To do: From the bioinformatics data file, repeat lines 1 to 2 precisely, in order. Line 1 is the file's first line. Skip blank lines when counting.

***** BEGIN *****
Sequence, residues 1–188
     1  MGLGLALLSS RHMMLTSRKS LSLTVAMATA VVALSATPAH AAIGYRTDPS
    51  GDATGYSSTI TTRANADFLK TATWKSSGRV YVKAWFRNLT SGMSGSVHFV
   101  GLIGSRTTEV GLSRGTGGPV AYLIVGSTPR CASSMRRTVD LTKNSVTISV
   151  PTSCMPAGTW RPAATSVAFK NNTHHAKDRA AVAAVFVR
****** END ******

Sequence, residues 1–188
     1  MGLGLALLSS RHMMLTSRKS LSLTVAMATA VVALSATPAH AAIGYRTDPS